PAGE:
Triangulate Cobweb Spiders in Boise, ID; Identification, Webs, Bites, Prevention & Control

There is a common invader that is found in many homes throughout America and in the state of Idaho is known as the Triangulate Cobweb Spider. The Triangulate cobweb spider is also known as the Triangulate Bud Spider. They are also found in three other countries: Russia, Europe and New Zealand. The triangulate cobweb spider is believed to be native to Eurasia and is assumed to have been spread through the trading of goods. Pestcom Pest Management will share more about the triangulate cobweb spider, where they hide in homes, and how you can protect your home from their intrusion.

Identification of Triangulate Cobweb Spiders

The triangulate cobweb spider size can range from 0.13 to 0.25 of an inch in length. The cephalothorax is usually a brown-orange color. However, different species vary on coloring. The abdomen is the same color with a triangle shape pattern which is how they got their name. The abdomen can also be a cream color with a purple-brown zigzag pattern underneath the triangle pattern on the upper section of the abdomen. The legs are usually seen in yellowish hues.

Triangulate Cobweb Spider Diet & Habitat

The triangulate cobweb spider is most frequently sighted in homes during March and April. They spin cobweb style webs that consist of irregular tangles of sticky silk. The triangulate cobweb spider has poor eye sight and relies on their web vibration. Sensing the slightest vibration, their web helps them catch their prey. Their webs can also help them detect danger. The force of the vibration will allow the triangulate cobweb spider to know when it’s prey or a predator. The triangulate cobweb spider will feed on ants, spiders, pill bugs, and even ticks. One benefit of having a triangulate cobweb spider invasion is that they will feed on other spiders that are known to be harmful to humans such as black widows and other venomous spiders.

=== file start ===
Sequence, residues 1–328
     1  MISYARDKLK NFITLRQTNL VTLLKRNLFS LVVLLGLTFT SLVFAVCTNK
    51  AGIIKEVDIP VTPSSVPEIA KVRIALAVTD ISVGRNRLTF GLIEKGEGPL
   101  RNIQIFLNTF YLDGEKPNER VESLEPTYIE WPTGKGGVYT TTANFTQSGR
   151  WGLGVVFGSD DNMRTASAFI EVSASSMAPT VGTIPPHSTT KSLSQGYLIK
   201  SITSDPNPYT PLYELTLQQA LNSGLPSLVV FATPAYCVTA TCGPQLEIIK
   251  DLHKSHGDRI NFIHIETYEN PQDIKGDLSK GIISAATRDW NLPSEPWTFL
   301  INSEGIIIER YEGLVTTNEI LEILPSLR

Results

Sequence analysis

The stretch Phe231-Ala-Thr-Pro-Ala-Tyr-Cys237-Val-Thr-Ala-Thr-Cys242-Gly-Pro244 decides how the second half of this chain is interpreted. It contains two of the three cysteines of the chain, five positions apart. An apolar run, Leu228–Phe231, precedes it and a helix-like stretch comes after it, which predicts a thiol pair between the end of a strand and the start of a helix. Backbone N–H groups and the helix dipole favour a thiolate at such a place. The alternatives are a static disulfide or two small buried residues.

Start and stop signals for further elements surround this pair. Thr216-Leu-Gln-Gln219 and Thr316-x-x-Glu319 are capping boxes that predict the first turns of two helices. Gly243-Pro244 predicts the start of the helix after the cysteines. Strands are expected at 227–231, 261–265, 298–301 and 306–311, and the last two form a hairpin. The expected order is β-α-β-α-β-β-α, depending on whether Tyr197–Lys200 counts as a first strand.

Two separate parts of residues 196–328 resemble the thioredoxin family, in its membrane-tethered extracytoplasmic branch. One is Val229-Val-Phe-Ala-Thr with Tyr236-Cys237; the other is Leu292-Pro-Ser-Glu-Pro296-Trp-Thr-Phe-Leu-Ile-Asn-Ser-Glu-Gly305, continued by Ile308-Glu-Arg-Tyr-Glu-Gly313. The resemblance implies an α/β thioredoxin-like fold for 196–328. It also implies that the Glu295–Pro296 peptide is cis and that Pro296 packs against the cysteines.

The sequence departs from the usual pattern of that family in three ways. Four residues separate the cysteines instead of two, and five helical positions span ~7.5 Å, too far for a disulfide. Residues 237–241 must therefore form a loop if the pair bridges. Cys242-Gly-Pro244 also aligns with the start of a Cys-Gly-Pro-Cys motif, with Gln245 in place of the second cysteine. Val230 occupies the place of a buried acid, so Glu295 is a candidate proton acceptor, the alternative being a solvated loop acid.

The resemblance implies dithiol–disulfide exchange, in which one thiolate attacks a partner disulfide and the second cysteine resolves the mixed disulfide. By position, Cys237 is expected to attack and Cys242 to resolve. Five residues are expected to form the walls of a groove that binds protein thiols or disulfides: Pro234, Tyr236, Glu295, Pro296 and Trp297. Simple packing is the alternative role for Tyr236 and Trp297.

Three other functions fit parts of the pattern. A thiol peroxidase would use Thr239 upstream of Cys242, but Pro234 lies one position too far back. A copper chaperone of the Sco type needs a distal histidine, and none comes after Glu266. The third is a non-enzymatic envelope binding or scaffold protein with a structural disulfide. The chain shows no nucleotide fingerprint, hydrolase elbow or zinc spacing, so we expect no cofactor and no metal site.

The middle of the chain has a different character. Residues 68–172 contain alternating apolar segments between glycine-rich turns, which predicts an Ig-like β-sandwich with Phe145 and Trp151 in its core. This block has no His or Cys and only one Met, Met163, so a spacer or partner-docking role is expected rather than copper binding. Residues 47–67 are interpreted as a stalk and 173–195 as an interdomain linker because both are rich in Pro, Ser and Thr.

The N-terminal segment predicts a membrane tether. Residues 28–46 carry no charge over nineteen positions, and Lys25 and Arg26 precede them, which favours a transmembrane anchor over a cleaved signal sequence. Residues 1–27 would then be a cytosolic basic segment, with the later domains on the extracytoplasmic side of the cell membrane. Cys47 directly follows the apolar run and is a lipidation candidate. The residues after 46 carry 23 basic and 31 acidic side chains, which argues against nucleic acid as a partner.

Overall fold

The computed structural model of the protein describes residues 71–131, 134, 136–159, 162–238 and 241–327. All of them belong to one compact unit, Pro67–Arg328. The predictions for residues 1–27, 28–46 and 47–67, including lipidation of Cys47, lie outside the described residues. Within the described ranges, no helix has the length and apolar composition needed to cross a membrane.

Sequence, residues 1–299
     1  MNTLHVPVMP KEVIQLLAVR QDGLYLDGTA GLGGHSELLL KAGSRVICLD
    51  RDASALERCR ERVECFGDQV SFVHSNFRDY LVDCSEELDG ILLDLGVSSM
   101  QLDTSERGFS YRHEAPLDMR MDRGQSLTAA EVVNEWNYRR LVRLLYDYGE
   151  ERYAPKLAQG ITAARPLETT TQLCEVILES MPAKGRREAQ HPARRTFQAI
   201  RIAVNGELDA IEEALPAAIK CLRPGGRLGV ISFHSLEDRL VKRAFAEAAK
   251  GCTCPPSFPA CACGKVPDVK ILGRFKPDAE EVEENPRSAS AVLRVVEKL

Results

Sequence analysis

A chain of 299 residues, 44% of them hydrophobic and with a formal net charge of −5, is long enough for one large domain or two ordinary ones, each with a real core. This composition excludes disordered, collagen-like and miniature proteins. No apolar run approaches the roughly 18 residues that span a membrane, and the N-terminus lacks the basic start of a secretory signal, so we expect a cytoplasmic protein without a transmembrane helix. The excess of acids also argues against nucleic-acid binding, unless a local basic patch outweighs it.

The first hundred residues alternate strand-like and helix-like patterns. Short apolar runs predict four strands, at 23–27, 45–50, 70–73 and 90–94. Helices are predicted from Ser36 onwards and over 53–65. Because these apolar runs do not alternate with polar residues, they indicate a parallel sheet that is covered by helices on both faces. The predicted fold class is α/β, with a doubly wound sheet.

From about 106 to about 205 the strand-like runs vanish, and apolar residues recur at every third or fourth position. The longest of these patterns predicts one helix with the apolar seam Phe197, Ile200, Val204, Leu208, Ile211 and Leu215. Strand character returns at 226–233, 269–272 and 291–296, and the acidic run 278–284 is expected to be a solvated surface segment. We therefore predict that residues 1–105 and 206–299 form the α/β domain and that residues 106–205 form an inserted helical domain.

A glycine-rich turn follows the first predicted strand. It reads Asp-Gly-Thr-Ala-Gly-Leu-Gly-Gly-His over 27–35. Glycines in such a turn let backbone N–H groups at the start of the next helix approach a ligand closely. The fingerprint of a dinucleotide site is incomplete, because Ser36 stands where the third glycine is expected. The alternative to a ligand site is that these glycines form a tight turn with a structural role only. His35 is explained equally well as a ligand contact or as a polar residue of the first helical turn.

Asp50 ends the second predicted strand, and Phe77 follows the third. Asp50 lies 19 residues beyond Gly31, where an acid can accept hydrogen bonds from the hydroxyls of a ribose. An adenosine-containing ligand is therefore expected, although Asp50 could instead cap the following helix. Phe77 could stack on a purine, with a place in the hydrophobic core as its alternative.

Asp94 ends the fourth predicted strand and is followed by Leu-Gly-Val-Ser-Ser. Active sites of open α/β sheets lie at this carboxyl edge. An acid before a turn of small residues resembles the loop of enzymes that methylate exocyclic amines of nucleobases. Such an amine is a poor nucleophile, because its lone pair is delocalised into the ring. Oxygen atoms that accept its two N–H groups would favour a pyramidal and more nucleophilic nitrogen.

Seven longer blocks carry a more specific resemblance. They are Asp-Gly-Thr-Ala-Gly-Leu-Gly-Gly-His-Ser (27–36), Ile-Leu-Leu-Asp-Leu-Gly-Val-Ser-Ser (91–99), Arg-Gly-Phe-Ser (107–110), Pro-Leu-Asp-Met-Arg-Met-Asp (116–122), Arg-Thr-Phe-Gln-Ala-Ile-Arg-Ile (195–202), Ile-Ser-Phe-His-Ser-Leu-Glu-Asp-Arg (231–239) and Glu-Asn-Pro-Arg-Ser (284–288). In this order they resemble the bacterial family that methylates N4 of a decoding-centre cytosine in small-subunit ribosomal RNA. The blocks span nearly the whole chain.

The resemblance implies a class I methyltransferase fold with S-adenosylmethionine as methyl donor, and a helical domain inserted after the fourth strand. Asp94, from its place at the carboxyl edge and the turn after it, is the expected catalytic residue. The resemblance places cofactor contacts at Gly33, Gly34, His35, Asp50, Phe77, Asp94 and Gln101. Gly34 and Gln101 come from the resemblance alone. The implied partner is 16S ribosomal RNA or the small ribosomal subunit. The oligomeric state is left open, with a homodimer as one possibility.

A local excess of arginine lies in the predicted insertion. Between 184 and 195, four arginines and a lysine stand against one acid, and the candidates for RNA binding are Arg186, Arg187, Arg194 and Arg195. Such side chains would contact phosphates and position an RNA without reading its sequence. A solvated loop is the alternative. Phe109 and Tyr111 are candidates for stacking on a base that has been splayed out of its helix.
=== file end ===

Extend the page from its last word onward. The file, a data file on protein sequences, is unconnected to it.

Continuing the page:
Triangulate Cobweb Spider Bites

The bite of the triangulate cobweb spider isn’t known to be harmful and there have been no reported illnesses occurring from a triangulate cobweb spider bite. They aren’t an aggressive spider and will retreat when they feel threatened.

Triangulate Spider Prevention

To help prevent triangulate cobweb spiders from invading your home, you will first want to keep them from wandering in. Start by making sure your home is secured from spiders. Begin by inspecting windows. Make sure all of the windows are fully closed and that the window screens are secured and are in good condition. Windows often serve as an access point for many pests. The same thing can be said for doors. Next, inspect your entry doors. Go inside and see if you see any daylight along the edges of the door. If you see light, it is an entry point for spiders and pests. You may need to repair the weather stripping around the doors. Next inspect your home’s exterior walls and foundation. Look for cracks or gaps. If found, use caulking glue to fill in the holes. Lastly, install screen covers over dryer and attic vents and over chimneys to help keep spiders and other pests out of your home.

Spider Control

For complete protection from spiders and other pests, contact Pestcom Pest Management. We can help prevent control pests around your home. Contact Pestcom Pest Management today!


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